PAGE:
Living with sensitive skin is a struggle. Shaving with sensitive skin, well, that’s a freaking nightmare. Every stroke feels like your mutilating your face, pushing you to take extra precautions when grasping a razor handle. And even then, certain imperfections like acne, bumps, lacerations, razor burn, and redness become unavoidable. It becomes an endless cycle of painful skincare flaws you’re forced to bear in private and public.
Waterproof speakers seemed like nothing more than a wet dream many years back. The technology, nor the engineering was available to create a wireless speaker system capable of surviving beer overflow, shower splashes or beachy environments. However, much like today’s smartphones and workout headphones, the product category has evolved to where modern speakers are now built to survive soaking conditions and interconnect with your other EDC gadgets to deliver a more immersive listening experience.
Earning the perfect, sexy summer tan takes commitment. It demands baking out in the sun for hours, reapplying body or face sunscreen, and maintaining it for weeks on end with grade-A body lotion. Way too much work if you ask us. Not to mention, what happens when the sun does a disappearing act or you’re about to enter winter hibernation? How’s a man supposed to get his tan on? Answer: Self-tanners.
Muck Rack makes it simple to find people, tweets, or articles that mention any name, keyword, company, hashtag etc. We've compiled this guide to help you make the most of your search.
Selecting a term
Start searching tweets, articles from media outlets, articles mentioned in tweets, journalists'
names, titles and bios with some suggested searches:
Companies or Topics (e.g. iPhone, Microsoft)
Phrases (e.g. "cloud computing") — use quotes to keep the terms together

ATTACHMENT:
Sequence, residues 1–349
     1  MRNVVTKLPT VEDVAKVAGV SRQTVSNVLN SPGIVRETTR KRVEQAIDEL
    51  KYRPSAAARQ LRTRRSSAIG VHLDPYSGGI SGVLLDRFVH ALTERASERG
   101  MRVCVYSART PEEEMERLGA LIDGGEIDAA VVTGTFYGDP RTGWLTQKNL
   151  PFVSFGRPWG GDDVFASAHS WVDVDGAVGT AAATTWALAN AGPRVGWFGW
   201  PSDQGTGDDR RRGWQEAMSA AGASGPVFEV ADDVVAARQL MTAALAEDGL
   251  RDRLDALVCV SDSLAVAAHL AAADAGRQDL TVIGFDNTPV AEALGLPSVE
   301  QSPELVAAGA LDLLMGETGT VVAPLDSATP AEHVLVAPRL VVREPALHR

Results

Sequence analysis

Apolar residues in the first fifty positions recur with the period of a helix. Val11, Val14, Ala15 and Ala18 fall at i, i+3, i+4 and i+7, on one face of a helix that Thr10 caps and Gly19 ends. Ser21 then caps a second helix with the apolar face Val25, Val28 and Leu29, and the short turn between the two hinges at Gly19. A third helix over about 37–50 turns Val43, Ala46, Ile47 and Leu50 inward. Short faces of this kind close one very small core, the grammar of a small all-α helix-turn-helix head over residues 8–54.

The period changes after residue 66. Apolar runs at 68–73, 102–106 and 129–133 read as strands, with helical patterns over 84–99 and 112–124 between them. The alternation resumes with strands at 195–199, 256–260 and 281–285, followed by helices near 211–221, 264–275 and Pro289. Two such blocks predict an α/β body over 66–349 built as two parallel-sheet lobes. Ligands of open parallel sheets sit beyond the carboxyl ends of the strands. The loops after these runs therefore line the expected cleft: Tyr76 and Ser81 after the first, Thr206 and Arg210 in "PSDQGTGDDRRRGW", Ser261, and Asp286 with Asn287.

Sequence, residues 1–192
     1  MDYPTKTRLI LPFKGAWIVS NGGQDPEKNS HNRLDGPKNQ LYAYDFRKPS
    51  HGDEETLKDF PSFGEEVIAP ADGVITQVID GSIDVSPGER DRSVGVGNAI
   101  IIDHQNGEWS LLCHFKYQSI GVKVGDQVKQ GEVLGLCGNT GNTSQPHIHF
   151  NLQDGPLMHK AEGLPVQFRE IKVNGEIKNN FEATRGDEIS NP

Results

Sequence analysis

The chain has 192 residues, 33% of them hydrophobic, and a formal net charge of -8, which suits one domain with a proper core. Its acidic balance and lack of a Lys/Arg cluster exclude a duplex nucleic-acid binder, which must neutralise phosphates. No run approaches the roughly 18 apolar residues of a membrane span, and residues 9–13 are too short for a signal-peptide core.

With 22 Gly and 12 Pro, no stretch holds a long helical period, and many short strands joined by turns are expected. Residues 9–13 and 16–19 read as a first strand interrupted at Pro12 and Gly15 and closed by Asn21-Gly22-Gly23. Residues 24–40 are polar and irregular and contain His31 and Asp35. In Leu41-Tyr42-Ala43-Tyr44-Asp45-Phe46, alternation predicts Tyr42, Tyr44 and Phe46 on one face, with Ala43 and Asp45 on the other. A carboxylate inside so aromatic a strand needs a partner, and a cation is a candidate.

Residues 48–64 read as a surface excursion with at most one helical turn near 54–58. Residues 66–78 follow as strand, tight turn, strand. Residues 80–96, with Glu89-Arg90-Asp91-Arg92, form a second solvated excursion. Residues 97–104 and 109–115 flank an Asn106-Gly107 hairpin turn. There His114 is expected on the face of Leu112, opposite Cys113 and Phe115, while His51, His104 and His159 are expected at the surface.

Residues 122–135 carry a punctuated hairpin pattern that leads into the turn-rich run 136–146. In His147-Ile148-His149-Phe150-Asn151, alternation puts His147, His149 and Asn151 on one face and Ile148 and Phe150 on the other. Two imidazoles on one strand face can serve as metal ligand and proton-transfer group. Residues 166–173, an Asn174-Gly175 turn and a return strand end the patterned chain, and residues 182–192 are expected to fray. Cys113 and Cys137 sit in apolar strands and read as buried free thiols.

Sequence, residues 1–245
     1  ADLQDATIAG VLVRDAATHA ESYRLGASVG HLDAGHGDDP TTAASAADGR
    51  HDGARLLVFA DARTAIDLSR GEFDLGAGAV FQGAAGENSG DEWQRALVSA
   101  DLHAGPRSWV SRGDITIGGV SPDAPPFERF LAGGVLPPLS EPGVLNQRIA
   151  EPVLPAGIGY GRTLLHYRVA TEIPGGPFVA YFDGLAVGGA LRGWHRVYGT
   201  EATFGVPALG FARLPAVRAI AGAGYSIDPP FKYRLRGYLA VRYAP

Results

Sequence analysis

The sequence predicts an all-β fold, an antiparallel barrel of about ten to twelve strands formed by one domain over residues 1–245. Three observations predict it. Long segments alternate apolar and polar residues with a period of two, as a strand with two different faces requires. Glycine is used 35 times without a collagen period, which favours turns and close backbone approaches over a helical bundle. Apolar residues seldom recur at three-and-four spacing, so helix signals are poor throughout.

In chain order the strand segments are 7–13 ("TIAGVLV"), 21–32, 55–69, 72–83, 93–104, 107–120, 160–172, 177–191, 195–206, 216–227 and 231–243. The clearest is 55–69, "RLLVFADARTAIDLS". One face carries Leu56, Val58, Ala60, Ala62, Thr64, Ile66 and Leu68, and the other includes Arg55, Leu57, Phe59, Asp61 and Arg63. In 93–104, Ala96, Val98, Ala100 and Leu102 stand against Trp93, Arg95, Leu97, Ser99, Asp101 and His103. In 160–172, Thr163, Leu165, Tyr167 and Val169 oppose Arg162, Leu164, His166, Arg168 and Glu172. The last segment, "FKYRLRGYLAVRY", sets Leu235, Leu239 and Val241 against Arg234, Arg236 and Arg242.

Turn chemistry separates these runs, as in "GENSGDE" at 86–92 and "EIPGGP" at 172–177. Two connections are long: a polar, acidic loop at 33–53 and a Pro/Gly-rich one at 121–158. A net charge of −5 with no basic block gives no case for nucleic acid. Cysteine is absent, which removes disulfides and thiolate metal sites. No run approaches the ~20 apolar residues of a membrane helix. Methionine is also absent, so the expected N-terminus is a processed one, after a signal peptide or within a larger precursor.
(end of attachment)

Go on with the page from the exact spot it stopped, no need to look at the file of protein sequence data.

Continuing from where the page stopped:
Twitter handles (e.g. @username) — returns those who have mentioned or replied to
Names (e.g. "David Pogue")
Hashtags (e.g. #sxsw, #london2012)
Bio details (e.g. vegan, Olympics, father)
Muck Rack's Advanced Search allows for many boolean operators.
Find results that mention multiple specified terms, use AND or
+. For example, ensure each result contains both Elon Musk and Mark Zuckerberg by
searching Obama AND Romney or Obama + Romney.
Use the operators OR or , to broaden your search when you'd like either of
multiple terms to appear in results. (This is the default behavior of our search when no operators
are used.) For example, search for democrat OR republican to find results that refer to
Democrats and/or Republicans.
Use NOT or - to subtract results from your search. For
example, searching Disney will yield results about the Walt Disney Company as well as Walt Disney
World Resort. To exclude mentions of Disney World, search for Disney -World or Disney
When using one of these operators with a phrase, enclose it in quotation marks. For example, you can
find results about smartphones excluding Apple's iPhone 4S by searching smartphone -"iPhone
Exact case matching or punctuation
If you're searching for a brand name or keyword that relies on specific punctuation marks or capitalization, you can
find results that match your exact query by adding matchcase: before the keyword you're searching for, like matchcase:E*TRADE .
Use parentheses to separate multiple
boolean phrases. For example, to find journalists talking about having fun in Disney World or
Disneyland, search for ("disney world" OR disneyland) AND fun.
An asterisk can be used to search for any variation of a root word truncated by the asterisk. For example, searching for admin* will return results for administrator, administration, administer, administered, etc.
A near operator is an AND operator where you can control the distance between the words. You can vary the distance the near operation uses by adding a forward slash and number (between 0-99) such as strawberries NEAR/10 "whipped cream", which means the strawberries must exist within 10 words of "whipped cream".